So now assume the picture is included in the IBM dataset and it is used to train machine learning algorithms that are being used to train face-recognition software, and let’s further assume that some of those uses are commercial. I would argue that the terms of my licence are still intact. Firstly, the IBM dataset is being offered for free to researchers, so the non-commercial element is maintained. The pictures appear to have maintained the metadata, so I am also being attributed. The problem starts if my picture is changed in a way that it would be considered a derived work, as this would go against the terms of my licence. There could also be a problem if my picture is used by a researcher for commercial purposes.
Great! As the licence is breached, I can sue the commercial researchers for copyright infringement. Riches beckon!
Not so fast. If we were talking about my individual picture, I may have a case, but this is not a single use, this is part of a large dataset of millions of images, and my lone individual picture is of no interest, what matters is the accumulation of images, this is where the value of machine learning resides. And if we take all the pictures as a whole, then the individual terms and conditions of each CC licence are less important. Researchers that have had access to the dataset legitimately by complying with the terms and conditions set out by its creators can reuse these in any way permitted, and as we mentioned, these terms are quite permissive. Furthermore, the IBM and Flickr datasets fall under the protection of fair use in the US, and data mining exceptions where these exist, so researchers that are using them could do so freely, in some cases even for commercial purposes.
This opens up a new question, and that is whether an individual photographer whose picture has been made available in either dataset could sue for copyright infringement. I do not think so. To be able to claim individual infringement, there must be evidence that the image has been used in a way that is in breach of the licence, and these may not be the case, the mere inclusion of an image into a dataset is not a breach of the licence.
There is also the issue that the training of an AI does not constitute a derivative work in its own, and therefore the author of individual pictures would have a very difficult time proving that the resulting outputs from the training are a direct result of their individual image. Furthermore, the outputs from the data mining training may not be subject to any sort of protection in their own right, or these may differ from copyright. If the machine learning algorithm is used to produce a portrait, then this could very well be in the public domain as it is not original (see more about this here). If it produces software, a database, a model, an algorithm, or any similar technical effect, the protection may be under trade secrets, patents, database right (in Europe), and even copyright. But the result may have no connection whatsoever with my own picture, and therefore it would be impossible to claim infringement.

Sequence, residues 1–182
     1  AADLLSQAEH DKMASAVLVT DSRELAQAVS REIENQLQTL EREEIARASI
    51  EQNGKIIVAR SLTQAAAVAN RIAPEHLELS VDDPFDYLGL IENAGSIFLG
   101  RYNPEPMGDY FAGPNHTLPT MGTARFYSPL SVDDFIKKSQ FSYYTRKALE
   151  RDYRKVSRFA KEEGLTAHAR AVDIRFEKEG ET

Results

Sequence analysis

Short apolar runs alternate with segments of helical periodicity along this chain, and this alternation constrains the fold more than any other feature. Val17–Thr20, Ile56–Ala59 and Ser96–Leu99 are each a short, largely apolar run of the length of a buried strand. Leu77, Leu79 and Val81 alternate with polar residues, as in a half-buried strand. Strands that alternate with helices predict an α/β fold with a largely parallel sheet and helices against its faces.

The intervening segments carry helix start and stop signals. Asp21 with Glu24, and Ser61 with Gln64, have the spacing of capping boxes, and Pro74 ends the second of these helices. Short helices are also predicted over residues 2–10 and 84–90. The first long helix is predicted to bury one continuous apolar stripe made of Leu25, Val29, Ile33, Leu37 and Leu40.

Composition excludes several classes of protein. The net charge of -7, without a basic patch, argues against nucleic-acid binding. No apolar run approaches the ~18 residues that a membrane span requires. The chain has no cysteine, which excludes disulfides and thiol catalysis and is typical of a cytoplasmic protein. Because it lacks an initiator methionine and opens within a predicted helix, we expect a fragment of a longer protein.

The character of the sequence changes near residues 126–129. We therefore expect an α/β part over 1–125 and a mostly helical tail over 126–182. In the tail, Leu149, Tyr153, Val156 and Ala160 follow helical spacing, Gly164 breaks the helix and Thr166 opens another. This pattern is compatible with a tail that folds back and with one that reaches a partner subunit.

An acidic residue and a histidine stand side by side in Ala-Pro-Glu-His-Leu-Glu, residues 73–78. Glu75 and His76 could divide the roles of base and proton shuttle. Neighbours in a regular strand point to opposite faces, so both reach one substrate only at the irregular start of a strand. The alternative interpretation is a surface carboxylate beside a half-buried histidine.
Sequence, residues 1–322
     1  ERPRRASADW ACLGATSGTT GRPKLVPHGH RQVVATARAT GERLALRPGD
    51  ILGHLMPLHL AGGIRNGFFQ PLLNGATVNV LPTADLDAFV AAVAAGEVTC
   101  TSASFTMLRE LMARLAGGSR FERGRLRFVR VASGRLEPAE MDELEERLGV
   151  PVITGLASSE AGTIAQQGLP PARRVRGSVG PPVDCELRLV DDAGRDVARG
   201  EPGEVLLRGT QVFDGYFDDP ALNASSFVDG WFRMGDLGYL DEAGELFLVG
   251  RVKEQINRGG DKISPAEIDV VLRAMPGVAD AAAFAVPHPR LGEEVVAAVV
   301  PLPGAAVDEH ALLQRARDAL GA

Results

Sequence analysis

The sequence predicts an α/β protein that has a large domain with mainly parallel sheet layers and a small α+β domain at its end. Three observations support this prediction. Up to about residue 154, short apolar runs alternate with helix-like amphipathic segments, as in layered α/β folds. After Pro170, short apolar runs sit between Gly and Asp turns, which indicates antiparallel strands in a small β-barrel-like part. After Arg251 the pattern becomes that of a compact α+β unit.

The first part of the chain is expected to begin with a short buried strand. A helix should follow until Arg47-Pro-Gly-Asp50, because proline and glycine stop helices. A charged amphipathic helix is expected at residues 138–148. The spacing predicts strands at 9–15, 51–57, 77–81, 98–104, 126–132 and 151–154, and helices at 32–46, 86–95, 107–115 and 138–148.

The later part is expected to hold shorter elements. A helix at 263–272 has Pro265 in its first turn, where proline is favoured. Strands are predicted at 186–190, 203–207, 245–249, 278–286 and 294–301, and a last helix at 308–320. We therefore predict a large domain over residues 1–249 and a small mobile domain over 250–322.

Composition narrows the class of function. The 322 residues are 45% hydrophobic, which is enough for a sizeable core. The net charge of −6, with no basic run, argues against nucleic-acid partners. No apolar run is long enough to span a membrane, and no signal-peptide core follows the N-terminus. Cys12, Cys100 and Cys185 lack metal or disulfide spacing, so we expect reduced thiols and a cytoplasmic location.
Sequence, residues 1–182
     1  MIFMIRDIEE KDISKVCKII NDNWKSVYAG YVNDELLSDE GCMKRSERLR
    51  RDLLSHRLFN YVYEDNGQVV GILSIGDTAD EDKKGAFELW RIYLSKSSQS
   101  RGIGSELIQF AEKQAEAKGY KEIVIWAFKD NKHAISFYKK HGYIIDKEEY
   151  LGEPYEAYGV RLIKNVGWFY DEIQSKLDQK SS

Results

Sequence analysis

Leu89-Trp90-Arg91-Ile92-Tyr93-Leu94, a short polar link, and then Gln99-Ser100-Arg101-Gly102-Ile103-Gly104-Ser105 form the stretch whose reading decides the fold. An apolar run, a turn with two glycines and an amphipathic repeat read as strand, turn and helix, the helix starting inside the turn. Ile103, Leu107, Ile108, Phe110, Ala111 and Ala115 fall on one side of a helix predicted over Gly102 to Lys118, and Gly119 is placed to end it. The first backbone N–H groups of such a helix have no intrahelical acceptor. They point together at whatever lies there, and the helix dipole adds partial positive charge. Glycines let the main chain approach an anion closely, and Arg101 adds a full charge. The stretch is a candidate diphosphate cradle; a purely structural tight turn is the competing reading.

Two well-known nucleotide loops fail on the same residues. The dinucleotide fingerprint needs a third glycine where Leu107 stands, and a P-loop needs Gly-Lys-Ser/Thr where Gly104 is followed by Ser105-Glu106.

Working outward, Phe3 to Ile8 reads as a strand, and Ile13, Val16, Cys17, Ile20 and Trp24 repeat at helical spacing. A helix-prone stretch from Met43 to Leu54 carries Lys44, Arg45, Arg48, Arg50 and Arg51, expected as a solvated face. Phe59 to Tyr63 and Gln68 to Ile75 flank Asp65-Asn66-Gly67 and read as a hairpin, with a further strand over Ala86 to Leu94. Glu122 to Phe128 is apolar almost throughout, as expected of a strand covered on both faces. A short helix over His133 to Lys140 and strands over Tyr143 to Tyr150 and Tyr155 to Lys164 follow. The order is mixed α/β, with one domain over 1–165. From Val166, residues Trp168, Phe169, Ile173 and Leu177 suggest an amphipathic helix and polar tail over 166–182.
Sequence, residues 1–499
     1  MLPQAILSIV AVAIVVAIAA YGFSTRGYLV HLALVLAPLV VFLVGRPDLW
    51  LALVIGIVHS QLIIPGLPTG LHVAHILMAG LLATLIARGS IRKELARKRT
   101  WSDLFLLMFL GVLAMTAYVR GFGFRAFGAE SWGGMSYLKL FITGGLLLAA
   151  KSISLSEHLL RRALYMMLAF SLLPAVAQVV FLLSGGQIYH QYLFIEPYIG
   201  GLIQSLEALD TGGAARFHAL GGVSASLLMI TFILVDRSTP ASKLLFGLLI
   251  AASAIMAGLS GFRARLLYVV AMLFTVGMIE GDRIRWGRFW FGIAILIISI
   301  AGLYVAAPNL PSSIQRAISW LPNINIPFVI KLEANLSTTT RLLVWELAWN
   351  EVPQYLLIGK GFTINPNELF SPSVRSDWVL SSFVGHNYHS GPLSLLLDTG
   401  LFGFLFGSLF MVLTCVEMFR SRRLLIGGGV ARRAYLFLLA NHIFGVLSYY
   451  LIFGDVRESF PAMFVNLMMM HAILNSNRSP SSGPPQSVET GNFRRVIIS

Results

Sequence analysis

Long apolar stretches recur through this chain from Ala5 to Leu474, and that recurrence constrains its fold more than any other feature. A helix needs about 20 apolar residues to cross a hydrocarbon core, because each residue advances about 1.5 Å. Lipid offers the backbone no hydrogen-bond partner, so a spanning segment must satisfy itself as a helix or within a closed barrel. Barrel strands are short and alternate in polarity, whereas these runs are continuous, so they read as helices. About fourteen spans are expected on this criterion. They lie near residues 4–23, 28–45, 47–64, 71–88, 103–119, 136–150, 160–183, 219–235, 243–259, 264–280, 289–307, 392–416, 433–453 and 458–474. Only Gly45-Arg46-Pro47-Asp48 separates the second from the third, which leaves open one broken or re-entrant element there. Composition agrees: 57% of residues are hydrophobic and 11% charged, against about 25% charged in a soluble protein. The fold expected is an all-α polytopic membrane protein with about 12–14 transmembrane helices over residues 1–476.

These are my first ideas based on the facts presented by the investigation. I am currently writing about this very subject, so much of the law is still fresh in my head, but I would be curious to see what others think.
One thing is clear, data mining is increasingly becoming a very important legal subject for copyright. Perhaps we are all obsessed with Article 13, when the most relevant article for the future is that containing data mining (Article 3 for those interested in looking it up).
Last week we talked about the agreed text of the new copyright directive, particularly the problems presented by Article 13. Perhaps what is lost in all of the discussion is precisely why such a toxic proposal is being discussed and where does it come from.
It is impossible to understand the current situation without understanding the existing regime that regulates the behaviour of users and service providers online. While there is a rich history behind this, the general idea is that platforms have a limited immunity from liability of acts committed by their users as long as they are not aware that a possible actionable situation is taking place. So if I defame someone on YouTube comments, or if I upload an infringing image to Facebook, the service providers will not be liable for my actions as long as they are not aware that this took place. As soon as they are notified, they could become liable.
This system has worked for almost two decades, and has allowed tech companies big and small to be able to operate with relative certainty that they will not be sued out of existence, but it has also allowed a weird and wonderful ecology of user generated content to develop. The system is not perfect, but for the most part it has served both users and the platform operators well.
But not everyone is content with the status quo, almost from the start content owners have complained that the system allows intermediaries to profit from rampant copyright infringement committed by users, and it has given those platforms disproportionate power and money, while creators do not get a fair share of these profits. Behind this narrative are quite a few interesting assumptions that seem to be conflated in the discussion. Proponents of a change in the intermediary liability model argue that copyright infringement is rampant online, and that the platforms are profiting from such practices. At the same time, they argue that whenever there are legal services being developed, the power accrued by tech giants makes it impossible to get proper earnings (the so-called value gap).